What's new in Apache Spark 3.3.0 - Structured Streaming

Versions: Apache Spark 3.3.0

Even though the Project Lightspeed is not there yet, Apache Spark Structured Streaming 3.3.0 has several interesting features that should make your daily life easier.

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Trigger.Once in multiple batches

The first important feature is a new trigger called AvailableNow. It sounds mysterious but if we compare it with the Once trigger, you should get the purpose immediately:

How does it work? Besides the new trigger, Apache Spark 3.3.0 has a new interface called SupportsTriggerAvailableNow. Any source supporting the trigger must implement it to return the data available for processing within the trigger scope. Apache Kafka returns the last available offset:

private[kafka010] class KafkaMicroBatchStream
// ...
override def prepareForTriggerAvailableNow(): Unit = {
  allDataForTriggerAvailableNow = kafkaOffsetReader.fetchLatestOffsets(

Next, the MicroBatchExecution running the streaming job uses a MultiBatchExecutor that remains active as long as there is data left to process:

case class MultiBatchExecutor() extends TriggerExecutor {
  override def execute(batchRunner: () => Boolean): Unit = while (batchRunner()) {}

The difference with the Trigger.Once is visible pretty clearly if you compare the MultiBatchExecutor with SingheBatchExecutor:

case class SingleBatchExecutor() extends TriggerExecutor {
  override def execute(batchRunner: () => Boolean): Unit = batchRunner()

And why does Trigger.Once ignore the rate limits? Because of this condition applied while planning the Structured Streaming job:

class MicroBatchExecution(
// ...
override lazy val logicalPlan: LogicalPlan = {
// ...
uniqueSources = triggerExecutor match {
  case _: SingleBatchExecutor =>
    sources.distinct.map {
      case s: SupportsAdmissionControl =>
        val limit = s.getDefaultReadLimit
        if (limit != ReadLimit.allAvailable()) {
            s"The read limit $limit for $s is ignored when Trigger.Once is used.")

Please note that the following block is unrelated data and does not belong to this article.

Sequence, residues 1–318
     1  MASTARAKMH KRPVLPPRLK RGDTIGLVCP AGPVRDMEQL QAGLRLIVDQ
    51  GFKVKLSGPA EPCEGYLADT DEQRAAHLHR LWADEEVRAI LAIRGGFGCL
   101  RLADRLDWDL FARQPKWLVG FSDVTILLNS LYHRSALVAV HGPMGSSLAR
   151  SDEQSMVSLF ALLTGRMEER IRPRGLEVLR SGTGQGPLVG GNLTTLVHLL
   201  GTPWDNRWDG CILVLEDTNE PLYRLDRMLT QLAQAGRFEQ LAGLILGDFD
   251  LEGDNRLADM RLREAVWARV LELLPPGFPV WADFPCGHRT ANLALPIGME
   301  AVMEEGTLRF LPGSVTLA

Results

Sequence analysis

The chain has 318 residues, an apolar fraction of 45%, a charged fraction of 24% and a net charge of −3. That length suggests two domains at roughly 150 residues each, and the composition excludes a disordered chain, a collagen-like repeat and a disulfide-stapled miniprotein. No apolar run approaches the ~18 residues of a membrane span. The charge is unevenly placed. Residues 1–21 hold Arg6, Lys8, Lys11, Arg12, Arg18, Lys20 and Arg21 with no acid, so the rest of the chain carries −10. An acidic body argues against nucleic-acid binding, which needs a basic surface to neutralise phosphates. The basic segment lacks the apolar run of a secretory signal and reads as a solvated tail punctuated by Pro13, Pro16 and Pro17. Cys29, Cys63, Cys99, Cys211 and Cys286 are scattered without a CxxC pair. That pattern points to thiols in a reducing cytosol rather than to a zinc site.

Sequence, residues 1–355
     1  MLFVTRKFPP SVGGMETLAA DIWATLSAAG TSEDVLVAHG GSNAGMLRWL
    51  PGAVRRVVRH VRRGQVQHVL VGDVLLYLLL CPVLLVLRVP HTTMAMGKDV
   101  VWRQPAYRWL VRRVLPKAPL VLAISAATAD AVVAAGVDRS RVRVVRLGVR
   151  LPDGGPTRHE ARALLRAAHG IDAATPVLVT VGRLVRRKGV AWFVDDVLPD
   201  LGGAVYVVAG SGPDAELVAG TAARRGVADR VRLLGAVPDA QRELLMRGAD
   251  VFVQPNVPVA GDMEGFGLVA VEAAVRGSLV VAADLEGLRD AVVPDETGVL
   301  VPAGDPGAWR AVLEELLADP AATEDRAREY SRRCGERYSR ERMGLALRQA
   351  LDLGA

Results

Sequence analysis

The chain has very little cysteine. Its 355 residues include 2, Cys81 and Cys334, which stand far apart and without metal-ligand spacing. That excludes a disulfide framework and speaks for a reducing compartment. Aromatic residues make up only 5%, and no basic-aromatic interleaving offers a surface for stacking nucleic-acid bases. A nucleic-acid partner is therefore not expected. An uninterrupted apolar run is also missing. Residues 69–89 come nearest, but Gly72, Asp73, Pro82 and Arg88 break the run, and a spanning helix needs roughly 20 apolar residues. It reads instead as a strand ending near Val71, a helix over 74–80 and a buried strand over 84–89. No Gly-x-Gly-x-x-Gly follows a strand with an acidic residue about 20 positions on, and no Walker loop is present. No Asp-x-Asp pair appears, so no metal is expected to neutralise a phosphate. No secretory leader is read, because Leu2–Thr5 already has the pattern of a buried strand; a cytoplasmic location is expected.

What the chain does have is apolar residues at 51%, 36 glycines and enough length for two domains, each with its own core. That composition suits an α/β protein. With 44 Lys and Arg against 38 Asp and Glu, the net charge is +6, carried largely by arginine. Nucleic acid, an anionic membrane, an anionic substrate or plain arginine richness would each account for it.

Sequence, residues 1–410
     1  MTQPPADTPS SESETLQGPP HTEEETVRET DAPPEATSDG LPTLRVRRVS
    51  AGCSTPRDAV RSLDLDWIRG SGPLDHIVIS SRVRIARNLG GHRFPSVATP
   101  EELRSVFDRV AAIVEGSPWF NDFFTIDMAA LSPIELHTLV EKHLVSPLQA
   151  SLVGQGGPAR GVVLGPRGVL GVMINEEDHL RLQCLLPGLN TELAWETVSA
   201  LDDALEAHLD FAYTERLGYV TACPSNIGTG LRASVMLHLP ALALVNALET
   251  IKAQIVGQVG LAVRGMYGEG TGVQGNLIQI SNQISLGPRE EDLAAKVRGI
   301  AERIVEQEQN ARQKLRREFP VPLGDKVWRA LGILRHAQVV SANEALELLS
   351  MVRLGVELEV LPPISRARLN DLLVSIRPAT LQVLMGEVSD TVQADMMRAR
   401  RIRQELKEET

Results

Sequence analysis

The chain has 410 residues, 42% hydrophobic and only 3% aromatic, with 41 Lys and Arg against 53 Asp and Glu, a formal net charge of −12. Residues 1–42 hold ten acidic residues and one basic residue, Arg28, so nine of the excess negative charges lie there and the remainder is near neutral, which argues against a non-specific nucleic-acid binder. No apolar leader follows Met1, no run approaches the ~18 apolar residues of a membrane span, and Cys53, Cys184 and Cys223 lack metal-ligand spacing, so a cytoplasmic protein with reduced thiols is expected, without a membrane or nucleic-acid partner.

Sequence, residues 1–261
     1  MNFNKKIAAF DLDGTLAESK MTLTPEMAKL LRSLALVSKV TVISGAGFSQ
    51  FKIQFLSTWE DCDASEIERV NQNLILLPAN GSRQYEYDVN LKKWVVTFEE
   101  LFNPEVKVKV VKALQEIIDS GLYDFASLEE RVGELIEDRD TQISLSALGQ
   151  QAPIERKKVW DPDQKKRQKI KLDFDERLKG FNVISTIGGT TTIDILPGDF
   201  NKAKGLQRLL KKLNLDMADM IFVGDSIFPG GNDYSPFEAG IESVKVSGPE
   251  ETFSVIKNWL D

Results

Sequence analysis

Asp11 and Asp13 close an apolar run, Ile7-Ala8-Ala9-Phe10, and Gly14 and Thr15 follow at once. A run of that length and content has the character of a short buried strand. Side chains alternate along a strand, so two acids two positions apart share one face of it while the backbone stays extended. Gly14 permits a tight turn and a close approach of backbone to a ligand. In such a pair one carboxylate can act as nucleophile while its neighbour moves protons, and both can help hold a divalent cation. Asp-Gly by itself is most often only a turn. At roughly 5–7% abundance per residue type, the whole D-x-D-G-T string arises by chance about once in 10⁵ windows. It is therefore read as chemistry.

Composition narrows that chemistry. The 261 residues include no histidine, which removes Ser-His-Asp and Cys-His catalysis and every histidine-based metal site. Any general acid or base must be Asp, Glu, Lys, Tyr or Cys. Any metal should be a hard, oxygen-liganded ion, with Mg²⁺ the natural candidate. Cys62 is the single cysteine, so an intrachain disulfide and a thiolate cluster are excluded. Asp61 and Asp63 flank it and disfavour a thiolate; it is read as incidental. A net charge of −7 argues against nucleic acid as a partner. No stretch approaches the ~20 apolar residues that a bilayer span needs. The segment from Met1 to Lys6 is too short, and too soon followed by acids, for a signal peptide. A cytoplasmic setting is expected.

s -> ReadLimit.allAvailable()
      case s =>
        s -> ReadLimit.allAvailable()

Rate per micro-batch source

Another high-level change concerns a new data source called rate micro-batch. Why this new input looking similar at first glance to the rate data source? Jungtaek Lim, who is the author of the feature, explained that in the JIRA ticket:

The "rate" data source has been known to be used as a benchmark for streaming query.

While this helps to put the query to the limit (how many rows the query could process per second), the rate data source doesn't provide consistent rows per batch into stream, which leads two environments be hard to compare with.

To solve the issue, Jungtaek added a new data source that:

Do you want to see the difference with the classical rate source? Watch the fragment of the video below:

RocksDB improvements

RocksDB, which is the state store added in the 3.2.0 release, also improved in the most recent version of Apache Spark. First, Jungtaek Lim added a new configuration entry to control the tracking of the writing operations. The feature addresses the double lookup on the key for the write operations made by RocksDB. If you prefer the performance over the observability, you can set false to the spark.sql.streaming.stateStore.rocksdb.trackTotalNumberOfRows. Unfortunately, you can't have both.

Another change related to the monitoring is a bug fix for the RocksDB memory usage in the state store's metrics. Before, the metric missed the block-cache-usage data which is was included by Yun Tang in the 3.3.0 release.

Lastly, Alexander Balikov and Jungtaek Lim solved a correctness issue for stream-to-stream joins and arbitrary stateful processing. Why? In the previous version the state store used the same iterator under-the-hood for both update and delete steps. In consequence, the rows updated in the micro-batch that were about to expire, were removed in the same micro-batch. Now, the delete phase works on the updated iterator. An example of the issue in the following picture:

Distribution and ordering for DataSource V2 writes

In addition to the RocksDB improvements, Apache Spark 3.3.0 also includes some catch-up for the RequiresDistributionAndOrdering interface I described in the What's new in Apache Spark 3.2.0 - Data Source V2 article.

As a reminder, this interface is present when the data source requires a specific ordering or partitioning on the writing side. So far, it only has been implemented for the batch workloads. The 3.3.0 release extends the scope to the streaming writers with this addition to the V2Writes logical rule:

object V2Writes extends Rule[LogicalPlan] with PredicateHelper {
override def apply(plan: LogicalPlan): LogicalPlan = plan transformDown {
// ...
case WriteToMicroBatchDataSource(
    relation, table, query, queryId, writeOptions, outputMode, Some(batchId)) =>

  val writeBuilder = newWriteBuilder(table, writeOptions, query.schema, queryId)
  val write = buildWriteForMicroBatch(table, writeBuilder, outputMode)
  val microBatchWrite = new MicroBatchWrite(batchId, write.toStreaming)
  val customMetrics = write.supportedCustomMetrics.toSeq
  val newQuery = DistributionAndOrderingUtils.prepareQuery(write, query, conf)
  WriteToDataSourceV2(relation, microBatchWrite, newQuery, customMetrics)
// ...

The highlighted line is the method where Apache Spark adds an extra RepartitionByExpression and Sort node if any of them is required by the data source.

Structured Streaming has several interesting changes in the 3.3.0 release. But other Apache Spark modules too and we'll try to see it in the next parts of the series!